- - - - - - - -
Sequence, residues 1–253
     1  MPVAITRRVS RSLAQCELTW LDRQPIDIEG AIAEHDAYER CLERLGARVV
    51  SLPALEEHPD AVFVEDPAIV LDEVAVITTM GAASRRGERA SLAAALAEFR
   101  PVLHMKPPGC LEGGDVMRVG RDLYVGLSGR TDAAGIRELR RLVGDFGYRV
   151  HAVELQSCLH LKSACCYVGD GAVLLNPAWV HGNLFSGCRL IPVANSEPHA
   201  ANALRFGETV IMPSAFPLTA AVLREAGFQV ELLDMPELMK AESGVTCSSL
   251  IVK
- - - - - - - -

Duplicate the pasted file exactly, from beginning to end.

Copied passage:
Sequence, residues 1–253
     1  MPVAITRRVS RSLAQCELTW LDRQPIDIEG AIAEHDAYER CLERLGARVV
    51  SLPALEEHPD AVFVEDPAIV LDEVAVITTM GAASRRGERA SLAAALAEFR
   101  PVLHMKPPGC LEGGDVMRVG RDLYVGLSGR TDAAGIRELR RLVGDFGYRV
   151  HAVELQSCLH LKSACCYVGD GAVLLNPAWV HGNLFSGCRL IPVANSEPHA
   201  ANALRFGETV IMPSAFPLTA AVLREAGFQV ELLDMPELMK AESGVTCSSL
   251  IVK